From a Darwinian perspective, sexual jealousy is easily understood. Natural selection of our wild ancestors plausibly favored males who guarded their mates for fear of squandering economic resources on other men's children. On the female side, it is harder to make a Darwinian case for the sort of vindictive jealousy displayed by Mrs. Tarrant. No doubt hindsight could do it, but I want to make a different point. Sexual jealousy may in some Darwinian sense accord with nature, but "Nature, Mr. Allnutt, is what we are put in this world to rise above." Just as we rise above nature when we spend time writing a book or a symphony rather than devoting our time to sowing our selfish genes and fighting our rivals, so mightn't we rise above nature when tempted by the vice of sexual jealousy?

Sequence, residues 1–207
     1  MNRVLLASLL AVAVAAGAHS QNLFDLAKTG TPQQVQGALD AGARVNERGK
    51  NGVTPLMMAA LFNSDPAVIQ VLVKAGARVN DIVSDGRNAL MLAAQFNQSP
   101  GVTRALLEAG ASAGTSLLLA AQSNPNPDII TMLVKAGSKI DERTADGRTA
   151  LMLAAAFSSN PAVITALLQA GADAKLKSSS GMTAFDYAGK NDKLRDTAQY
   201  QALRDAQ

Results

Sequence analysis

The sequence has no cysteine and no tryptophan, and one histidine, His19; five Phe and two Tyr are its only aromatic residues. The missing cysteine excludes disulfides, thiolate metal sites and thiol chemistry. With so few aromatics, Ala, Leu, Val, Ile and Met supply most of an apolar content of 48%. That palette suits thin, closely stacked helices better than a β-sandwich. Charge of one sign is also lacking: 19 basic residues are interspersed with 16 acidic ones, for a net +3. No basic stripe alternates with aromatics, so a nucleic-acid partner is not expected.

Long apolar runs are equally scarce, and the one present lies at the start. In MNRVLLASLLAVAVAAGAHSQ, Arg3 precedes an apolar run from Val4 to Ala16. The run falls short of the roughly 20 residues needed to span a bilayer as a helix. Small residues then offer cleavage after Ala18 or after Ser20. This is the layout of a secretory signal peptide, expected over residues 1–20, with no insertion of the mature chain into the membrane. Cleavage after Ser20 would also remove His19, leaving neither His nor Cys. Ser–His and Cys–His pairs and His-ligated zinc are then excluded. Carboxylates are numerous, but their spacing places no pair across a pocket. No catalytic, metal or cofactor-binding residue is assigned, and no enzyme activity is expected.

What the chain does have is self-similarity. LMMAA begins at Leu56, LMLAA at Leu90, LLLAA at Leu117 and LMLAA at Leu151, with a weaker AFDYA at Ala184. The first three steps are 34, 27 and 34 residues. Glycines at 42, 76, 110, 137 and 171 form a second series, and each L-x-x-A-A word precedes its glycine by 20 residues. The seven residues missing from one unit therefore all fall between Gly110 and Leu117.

I, for one, feel drawn to the idea that there is something noble and virtuous in rising above nature in this way. I admit that I have, at times in my life, been jealous, but it is one of the things I now regret. Assuming that such practical matters as sexually transmitted diseases and the paternity of children can be sorted out (and nowadays DNA testing will clinch that for you if you are sufficiently suspicious, which I am not), what, actually, is wrong with loving more than one person? Why should you deny your loved one the pleasure of sexual encounters with others, if he or she is that way inclined? The British writer Julie Burchill is not somebody I usually quote (imagine a sort of intelligent Ann Coulter speaking with a British accent in a voice like Minnie Mouse) but I was struck by one of her remarks. I can't find the exact quote, but it was to the effect that, however much you love your mate (of either sex in the case of the bisexual Burchill) sex with a stranger is almost always more exciting, purely because it is a stranger. An exaggeration, no doubt, but the same grain of truth lurks in Woody Allen's "Sex without love is an empty experience, but as empty experiences go it's one of the best."